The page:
NC grand jury charges fund managers in $40M scam

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CHARLOTTE, N.C. (AP) -- The U.S. Attorney's Office in Charlotte says four hedge fund managers have been indicted in connection with a Ponzi scheme that bilked investors out of $40 million.

Jonathan Davey, 47, of Newark, Ohio, Jeffrey Toft, 49, of Oviedo, Fla., Chad Sloat, 33, of Kansas City, Mo., and Michael Murphy, 51, of Deep Haven, Minn., were indicted on investment fraud conspiracy charges, U.S. Attorney Prosecutor Anne Tompkins. If convicted they face up to 50 years in prison and $1 million in fines.

It's the latest development in a case involving Black Diamond Capital Solutions.

The indictment says the defendants lied to get money from their victims by claiming they were operating legitimate hedge funds with significant safeguards.

But Tompkins says as Black Diamond began collapsing, the defendants diverted the money. The indictment said they used some of it to set up an account that used new victims' money to pay early investors. But some of the money went to the defendants' lifestyle.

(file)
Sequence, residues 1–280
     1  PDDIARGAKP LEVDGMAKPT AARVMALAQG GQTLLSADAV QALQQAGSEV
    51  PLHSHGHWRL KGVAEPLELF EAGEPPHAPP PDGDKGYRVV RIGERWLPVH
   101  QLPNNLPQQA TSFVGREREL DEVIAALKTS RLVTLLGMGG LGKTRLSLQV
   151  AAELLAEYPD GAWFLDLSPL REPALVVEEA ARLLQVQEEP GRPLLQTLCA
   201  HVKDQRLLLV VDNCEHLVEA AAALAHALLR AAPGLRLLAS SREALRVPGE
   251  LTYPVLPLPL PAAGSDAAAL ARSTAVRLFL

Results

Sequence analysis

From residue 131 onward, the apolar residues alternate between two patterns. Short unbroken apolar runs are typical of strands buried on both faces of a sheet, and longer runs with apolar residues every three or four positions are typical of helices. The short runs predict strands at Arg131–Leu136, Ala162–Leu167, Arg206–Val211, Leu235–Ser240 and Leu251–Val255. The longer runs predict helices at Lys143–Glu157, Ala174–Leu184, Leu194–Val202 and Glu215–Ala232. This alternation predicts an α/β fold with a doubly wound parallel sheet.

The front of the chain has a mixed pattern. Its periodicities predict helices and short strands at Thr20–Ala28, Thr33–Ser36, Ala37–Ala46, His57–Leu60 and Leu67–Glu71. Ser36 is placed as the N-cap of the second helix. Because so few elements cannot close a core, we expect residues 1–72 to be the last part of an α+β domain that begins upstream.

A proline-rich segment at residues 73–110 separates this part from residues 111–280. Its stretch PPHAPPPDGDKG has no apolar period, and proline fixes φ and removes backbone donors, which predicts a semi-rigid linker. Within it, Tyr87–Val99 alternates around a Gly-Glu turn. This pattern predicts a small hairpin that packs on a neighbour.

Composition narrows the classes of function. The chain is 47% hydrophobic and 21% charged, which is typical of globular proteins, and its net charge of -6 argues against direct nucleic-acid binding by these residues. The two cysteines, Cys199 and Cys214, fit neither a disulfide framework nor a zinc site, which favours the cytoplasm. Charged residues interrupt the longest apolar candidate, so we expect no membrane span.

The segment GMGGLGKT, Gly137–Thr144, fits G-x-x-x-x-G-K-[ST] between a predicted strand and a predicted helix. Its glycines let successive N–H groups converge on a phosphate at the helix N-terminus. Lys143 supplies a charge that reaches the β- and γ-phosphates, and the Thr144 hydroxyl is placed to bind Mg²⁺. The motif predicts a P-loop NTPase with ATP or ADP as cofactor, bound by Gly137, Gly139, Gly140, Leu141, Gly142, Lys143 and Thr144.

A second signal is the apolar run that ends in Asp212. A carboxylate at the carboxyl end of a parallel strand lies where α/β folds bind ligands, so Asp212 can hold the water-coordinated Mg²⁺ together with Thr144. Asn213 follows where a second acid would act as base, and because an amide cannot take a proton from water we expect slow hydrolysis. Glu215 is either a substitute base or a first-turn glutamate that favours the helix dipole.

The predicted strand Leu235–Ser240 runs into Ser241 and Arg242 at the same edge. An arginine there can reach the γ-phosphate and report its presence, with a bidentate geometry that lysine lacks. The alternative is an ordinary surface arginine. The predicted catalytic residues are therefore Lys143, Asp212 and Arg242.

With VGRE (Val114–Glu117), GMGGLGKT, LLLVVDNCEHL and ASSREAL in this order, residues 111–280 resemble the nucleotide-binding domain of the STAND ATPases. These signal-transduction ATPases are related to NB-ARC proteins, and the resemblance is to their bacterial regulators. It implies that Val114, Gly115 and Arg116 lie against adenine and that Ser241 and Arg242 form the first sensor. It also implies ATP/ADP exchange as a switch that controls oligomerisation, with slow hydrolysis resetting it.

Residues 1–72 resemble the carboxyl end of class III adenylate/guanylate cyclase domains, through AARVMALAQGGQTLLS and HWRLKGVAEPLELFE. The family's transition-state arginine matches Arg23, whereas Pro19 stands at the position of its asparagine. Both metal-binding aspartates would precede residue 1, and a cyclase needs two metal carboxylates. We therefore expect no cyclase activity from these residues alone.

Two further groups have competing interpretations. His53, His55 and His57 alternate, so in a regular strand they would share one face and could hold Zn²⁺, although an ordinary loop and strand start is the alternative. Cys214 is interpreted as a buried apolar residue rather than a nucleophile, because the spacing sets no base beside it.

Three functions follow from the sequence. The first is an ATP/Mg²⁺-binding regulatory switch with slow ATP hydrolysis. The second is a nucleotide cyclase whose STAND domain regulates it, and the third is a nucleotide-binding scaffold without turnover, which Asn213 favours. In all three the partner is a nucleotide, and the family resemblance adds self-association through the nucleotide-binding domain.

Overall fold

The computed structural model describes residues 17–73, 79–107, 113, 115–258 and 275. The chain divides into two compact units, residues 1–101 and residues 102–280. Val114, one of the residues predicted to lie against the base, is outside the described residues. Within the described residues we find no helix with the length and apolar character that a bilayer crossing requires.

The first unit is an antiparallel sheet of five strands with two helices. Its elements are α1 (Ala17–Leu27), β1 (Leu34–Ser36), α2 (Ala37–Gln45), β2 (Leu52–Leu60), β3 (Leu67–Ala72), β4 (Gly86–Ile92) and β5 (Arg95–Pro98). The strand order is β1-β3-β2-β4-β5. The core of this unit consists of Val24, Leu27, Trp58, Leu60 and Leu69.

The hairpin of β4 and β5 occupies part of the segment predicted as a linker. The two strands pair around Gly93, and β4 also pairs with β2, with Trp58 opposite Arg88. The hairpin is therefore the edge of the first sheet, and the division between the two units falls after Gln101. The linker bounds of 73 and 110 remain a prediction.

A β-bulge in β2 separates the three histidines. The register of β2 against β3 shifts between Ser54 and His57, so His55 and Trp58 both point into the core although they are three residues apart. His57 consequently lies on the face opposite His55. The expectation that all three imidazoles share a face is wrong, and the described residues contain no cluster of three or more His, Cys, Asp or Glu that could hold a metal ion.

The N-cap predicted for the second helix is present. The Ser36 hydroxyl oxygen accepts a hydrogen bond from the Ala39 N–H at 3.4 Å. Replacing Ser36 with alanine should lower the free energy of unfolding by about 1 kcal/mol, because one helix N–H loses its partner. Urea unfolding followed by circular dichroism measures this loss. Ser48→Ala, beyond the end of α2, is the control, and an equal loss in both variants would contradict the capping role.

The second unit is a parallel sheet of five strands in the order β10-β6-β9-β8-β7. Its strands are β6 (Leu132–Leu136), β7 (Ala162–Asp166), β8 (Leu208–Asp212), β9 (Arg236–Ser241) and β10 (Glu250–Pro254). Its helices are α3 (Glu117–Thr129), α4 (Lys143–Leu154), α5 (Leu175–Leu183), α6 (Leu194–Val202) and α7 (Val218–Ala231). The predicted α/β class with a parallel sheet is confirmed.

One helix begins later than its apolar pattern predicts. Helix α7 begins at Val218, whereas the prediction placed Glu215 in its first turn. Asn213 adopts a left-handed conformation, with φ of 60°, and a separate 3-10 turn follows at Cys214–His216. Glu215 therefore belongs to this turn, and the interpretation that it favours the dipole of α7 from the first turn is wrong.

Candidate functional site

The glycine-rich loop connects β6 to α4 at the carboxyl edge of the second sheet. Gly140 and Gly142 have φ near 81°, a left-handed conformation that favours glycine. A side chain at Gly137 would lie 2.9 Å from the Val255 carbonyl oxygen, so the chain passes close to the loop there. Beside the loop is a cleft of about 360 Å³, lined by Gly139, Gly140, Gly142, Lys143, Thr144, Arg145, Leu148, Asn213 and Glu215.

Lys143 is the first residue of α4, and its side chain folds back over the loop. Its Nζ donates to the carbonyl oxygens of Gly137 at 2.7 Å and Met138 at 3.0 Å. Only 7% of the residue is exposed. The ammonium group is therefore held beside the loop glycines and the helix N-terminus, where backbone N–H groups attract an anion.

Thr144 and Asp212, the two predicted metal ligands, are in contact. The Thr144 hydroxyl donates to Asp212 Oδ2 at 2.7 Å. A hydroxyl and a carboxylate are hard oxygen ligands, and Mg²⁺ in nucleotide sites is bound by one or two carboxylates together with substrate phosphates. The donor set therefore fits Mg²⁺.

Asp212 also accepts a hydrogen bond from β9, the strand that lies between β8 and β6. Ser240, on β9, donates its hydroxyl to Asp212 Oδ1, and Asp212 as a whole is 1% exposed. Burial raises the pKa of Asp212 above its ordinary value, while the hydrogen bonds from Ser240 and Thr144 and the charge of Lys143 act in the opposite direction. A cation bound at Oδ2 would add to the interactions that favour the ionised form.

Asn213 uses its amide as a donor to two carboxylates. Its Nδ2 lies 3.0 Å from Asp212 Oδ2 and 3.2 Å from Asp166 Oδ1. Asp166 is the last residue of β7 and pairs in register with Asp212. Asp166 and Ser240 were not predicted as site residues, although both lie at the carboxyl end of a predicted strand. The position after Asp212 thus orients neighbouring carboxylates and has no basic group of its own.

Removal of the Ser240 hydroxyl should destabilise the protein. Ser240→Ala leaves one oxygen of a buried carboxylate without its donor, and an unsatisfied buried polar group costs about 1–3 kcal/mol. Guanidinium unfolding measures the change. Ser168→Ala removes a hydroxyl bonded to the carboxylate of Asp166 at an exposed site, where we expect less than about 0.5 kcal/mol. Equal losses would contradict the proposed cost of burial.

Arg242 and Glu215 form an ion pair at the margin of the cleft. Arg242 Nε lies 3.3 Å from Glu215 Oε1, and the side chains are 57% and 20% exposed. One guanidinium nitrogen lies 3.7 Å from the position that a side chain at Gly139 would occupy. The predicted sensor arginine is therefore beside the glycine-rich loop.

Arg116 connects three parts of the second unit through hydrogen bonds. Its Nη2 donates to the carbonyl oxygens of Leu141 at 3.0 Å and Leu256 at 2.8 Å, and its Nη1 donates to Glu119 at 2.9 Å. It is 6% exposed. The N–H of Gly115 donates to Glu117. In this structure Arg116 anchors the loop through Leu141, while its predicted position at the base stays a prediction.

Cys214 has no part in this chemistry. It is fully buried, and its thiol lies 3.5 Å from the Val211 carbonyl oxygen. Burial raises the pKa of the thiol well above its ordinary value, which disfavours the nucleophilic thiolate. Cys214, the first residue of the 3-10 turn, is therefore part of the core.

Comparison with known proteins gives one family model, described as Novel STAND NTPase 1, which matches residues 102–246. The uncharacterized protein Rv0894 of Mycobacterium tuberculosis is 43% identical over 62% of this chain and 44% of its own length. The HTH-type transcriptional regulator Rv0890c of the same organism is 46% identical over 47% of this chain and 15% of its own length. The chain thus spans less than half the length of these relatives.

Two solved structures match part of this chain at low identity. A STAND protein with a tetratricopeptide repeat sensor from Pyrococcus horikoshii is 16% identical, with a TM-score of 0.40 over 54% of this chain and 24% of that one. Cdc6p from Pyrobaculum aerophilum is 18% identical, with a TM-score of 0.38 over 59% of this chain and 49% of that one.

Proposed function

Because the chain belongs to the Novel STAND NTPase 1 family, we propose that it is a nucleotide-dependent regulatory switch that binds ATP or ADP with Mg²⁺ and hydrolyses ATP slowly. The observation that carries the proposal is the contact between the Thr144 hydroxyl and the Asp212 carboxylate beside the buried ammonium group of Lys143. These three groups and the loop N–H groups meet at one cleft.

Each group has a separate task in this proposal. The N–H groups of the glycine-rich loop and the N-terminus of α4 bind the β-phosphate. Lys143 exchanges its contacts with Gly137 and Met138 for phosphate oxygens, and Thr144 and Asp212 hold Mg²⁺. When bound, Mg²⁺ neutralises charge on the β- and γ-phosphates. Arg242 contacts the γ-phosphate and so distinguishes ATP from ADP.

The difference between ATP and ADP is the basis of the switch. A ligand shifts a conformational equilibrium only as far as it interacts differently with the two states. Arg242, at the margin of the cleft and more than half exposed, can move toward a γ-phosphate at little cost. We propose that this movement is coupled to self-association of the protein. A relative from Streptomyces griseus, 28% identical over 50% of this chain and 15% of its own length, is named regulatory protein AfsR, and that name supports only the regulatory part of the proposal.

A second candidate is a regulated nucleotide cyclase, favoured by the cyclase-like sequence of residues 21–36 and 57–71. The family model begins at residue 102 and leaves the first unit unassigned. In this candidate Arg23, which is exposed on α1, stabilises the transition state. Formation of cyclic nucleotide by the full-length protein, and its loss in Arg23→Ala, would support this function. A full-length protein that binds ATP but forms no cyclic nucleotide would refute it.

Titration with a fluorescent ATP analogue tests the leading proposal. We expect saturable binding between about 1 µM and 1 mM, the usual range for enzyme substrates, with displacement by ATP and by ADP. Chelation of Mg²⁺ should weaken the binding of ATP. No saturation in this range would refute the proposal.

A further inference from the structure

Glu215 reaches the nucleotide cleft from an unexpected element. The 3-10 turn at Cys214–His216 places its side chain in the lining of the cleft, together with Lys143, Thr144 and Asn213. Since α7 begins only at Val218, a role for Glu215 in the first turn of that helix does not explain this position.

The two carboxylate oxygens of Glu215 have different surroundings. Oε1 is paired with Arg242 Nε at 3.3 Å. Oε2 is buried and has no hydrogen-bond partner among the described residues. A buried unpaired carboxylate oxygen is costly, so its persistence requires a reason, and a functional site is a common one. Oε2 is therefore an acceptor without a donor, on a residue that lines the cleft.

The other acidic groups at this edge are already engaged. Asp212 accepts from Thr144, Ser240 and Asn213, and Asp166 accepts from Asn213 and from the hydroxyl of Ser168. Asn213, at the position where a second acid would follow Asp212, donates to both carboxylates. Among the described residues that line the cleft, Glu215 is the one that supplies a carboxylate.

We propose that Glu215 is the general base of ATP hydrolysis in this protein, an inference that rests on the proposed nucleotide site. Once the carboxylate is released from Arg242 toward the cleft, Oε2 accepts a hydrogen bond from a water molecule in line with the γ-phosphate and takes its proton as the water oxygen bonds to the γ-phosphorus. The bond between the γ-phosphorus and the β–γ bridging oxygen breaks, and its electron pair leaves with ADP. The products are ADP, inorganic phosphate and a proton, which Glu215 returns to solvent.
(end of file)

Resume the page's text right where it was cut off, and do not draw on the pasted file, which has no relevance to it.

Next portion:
The company's founder, Keith Simmons, was convicted of securities fraud, wire fraud and money laundering in Charlotte in 2010. He is facing up to 80 years in prison.

Six people also have already pleaded guilty to their roles in the investment fraud that took place between October 2007 and April 2010.

North Carolina based CommunityONE Bank also was drawn into the scheme.

Prosecutors say Simmons deposited more than $35 million in investor funds into a CommunityONE account, and withdrew more than $35 million from the same account over a 2 ½ year period.

According to court documents, the bank failed to detect and report the suspicious transactions, as required by the Bank Secrecy Act. Prosecutors said the bank did not file any reports on Simmons during this time period, despite hundreds of suspicious transactions

The bank last year agreed to pay $400,000 in restitution to victims and improve anti-money laundering programs.